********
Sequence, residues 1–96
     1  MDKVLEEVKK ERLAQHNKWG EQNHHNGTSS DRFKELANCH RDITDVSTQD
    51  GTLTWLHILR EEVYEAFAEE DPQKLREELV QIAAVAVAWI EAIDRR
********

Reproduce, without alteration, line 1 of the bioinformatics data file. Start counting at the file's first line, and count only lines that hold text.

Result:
Sequence, residues 1–96